Kings and Queens are Royals. But What’s a Jack?
Open up just about any deck of cards (sorry, pinochle!) and you’ll find the same thing — 52 cards, four suits, and a total of twelve “face cards.” That dozen is made up of three ranks: Kings, Queens, and Jacks, and the cards typically depict people of nobility and with crowns. You know, royalty. And when it comes to gameplay, being royalty has its privileges. Depending on the game you’re playing, Kings are often the highest-ranking cards. Then come the Queens, which given that card games came from a less egalitarian time, makes sense.
And then come princes and princesses, right? But, no, decks of cards have neither of those. Instead, we have Jacks, as seen above, which is really weird because in almost no other context is the word “jack” used in reference to a royal court. Where does the Jack come from?
To start, original decks were even less egalitarian than today’s. As seen below (via here), all three face cards depicted men (and, as an aside, there was no separate Ten card). In English, those three ranks were referred to as the King, Knight (on horseback), and Knave (sword, tights, and funny hat). The King was royalty, but the others were support — men in service of the king.
When playing cards spread to France, the French swapped the Knight out for the Queens we have today, for reasons unknown, and the Queen became the preferred representation of the penultimate rank throughout the world shortly thereafter. The Knave, however, remained the same, ranking just below the Knight-turned-Queen.
“Knave” remained the name of choice for about two centuries — at least if you were an upper-crust type. In the English language generally, as Etymology Online notes, “Jack became a generic name applied familiarly or contemptuously to anybody (especially a young man of the lower classes) from late 14th century.” As a knave is “a tricky deceitful fellow” per Merriam-Webster, the two are somewhat interchangeable. It wasn’t the type of language proper peopled used, though, and the card-playing elite were typically proper people. So while some commoners and laborers used the term “Jack” instead of “Knave” while playing cards, it was rare otherwise — and often seen as uncultured if not uncouth. For example, in the 1861 Charles Dickens novel “Great Expectations,” the narrator-protagonist, Pip, is playing cards with his love interest, Estelle. When Pip uses the term “Jack” instead of “Knave,” Estelle uses it as a basis to judge Pip’s worth:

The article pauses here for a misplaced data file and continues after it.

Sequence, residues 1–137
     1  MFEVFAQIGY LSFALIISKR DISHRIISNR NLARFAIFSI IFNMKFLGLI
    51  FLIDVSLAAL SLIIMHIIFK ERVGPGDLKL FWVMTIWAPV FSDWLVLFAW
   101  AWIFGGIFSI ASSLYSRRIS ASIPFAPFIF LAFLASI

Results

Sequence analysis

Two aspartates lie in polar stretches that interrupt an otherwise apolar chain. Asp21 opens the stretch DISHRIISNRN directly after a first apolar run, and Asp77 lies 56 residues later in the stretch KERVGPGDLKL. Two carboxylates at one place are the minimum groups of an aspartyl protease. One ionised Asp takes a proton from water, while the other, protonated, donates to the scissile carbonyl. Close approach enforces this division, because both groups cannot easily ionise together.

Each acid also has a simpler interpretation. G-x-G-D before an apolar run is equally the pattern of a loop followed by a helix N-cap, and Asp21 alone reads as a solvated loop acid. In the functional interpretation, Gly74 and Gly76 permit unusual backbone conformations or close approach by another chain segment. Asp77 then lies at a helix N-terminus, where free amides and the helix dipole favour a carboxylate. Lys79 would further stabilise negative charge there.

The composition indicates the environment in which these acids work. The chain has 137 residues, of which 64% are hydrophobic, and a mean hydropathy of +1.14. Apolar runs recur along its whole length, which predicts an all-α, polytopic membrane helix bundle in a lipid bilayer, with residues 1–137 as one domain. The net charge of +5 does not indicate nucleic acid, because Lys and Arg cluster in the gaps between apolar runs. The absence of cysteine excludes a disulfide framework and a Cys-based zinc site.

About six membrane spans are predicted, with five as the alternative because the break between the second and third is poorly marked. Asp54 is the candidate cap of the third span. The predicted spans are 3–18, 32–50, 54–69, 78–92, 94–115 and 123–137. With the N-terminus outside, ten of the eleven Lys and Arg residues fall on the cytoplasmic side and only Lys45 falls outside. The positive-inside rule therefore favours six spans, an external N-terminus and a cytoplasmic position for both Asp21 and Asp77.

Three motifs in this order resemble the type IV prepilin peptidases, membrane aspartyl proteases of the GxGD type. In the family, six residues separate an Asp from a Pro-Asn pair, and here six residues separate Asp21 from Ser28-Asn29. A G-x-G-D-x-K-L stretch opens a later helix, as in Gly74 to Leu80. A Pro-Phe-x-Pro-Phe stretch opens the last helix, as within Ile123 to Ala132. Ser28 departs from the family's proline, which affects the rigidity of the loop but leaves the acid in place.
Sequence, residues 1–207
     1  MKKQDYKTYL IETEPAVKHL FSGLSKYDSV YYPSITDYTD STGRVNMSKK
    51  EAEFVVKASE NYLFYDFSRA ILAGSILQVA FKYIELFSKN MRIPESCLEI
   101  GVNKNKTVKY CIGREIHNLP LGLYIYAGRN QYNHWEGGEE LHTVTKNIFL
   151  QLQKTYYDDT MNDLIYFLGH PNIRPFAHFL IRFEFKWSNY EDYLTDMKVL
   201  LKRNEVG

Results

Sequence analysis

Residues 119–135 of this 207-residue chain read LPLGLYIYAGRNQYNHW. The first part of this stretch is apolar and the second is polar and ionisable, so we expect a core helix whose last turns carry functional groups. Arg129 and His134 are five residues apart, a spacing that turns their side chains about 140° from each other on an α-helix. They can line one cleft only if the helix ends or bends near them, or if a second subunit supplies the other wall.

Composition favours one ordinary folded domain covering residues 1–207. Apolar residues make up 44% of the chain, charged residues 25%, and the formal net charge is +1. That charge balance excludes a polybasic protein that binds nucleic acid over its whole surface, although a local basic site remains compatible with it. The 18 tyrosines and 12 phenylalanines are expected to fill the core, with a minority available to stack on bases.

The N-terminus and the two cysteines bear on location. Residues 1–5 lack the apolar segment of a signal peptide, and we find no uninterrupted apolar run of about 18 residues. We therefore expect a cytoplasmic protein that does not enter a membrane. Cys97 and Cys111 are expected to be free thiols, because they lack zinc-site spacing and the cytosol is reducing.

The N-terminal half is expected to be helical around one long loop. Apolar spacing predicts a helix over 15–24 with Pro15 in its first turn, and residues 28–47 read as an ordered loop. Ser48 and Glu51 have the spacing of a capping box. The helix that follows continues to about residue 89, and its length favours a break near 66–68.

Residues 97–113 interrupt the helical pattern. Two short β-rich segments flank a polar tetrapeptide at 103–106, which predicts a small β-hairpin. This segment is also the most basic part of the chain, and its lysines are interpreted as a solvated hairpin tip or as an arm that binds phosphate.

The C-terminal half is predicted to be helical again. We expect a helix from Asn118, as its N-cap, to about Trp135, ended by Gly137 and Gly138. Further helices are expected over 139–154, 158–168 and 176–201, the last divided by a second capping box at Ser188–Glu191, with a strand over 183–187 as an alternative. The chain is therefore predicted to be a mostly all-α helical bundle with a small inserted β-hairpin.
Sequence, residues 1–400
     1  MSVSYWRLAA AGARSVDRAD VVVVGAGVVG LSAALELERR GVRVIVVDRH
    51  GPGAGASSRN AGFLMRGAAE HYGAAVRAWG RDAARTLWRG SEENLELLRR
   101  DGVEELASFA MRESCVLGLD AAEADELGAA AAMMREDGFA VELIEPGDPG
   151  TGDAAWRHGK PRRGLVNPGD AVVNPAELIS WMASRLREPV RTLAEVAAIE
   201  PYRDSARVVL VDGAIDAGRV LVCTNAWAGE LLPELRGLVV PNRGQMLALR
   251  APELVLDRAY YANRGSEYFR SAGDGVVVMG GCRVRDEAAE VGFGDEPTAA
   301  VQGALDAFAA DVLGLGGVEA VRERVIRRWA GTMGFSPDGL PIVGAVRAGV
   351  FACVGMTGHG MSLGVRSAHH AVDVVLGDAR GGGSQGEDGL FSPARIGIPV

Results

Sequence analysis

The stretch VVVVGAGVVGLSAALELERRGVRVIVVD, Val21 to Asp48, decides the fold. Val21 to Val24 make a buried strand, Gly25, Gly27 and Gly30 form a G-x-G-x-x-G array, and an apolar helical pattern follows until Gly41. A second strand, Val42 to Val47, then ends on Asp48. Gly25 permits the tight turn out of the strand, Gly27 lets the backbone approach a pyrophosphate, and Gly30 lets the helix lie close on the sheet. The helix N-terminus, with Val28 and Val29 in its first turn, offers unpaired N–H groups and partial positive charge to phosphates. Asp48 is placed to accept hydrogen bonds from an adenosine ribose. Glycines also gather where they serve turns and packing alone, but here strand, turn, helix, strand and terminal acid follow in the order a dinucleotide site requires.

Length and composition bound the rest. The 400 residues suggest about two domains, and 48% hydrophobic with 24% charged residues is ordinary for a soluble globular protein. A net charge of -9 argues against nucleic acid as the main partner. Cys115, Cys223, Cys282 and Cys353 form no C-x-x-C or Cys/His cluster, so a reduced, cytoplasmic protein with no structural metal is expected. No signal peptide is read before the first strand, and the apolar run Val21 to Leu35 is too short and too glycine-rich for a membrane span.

“He calls the knaves Jacks, this boy!” said Estella with disdain, before our first game was out. “And what coarse hands he has! And what thick boots!”
I had never thought of being ashamed of my hands before; but I began to consider them a very indifferent pair. Her contempt for me was so strong, that it became infectious, and I caught it.
She won the game, and I dealt. I misdealt, as was only natural, when I knew she was lying in wait for me to do wrong; and she denounced me for a stupid, clumsy laboring-boy.
Today, of course, you can not only get away with calling the card a Jack, but you’d likely be laughed at for calling it a Knave. So what changed? In the mid-1800s, many decks, such as the one below (via here), didn’t have the rank of the card on the corners of the card face.
But around the time Great Expectations coincidentally came out, card designs shifted. In order to allow players to fan out their cards, as seen in the image at the top (and you can make the fan much tighter), card makers began printing the cards’ ranks in the corners. The Knave was labeled “Kn,” with the “n” added to distinguish it from “K”-labeled Kings. Card manufacturers looked for a solution, and Jack — despite the low-class connotation it came with — won out. Being proper, it seems, was less important than having an unmistakable “J” in the corner of one’s cards.
From the Archives: Shuffled: Shuffle a deck of cards a few times, and there’s a good chance you’ve created something never before ever created.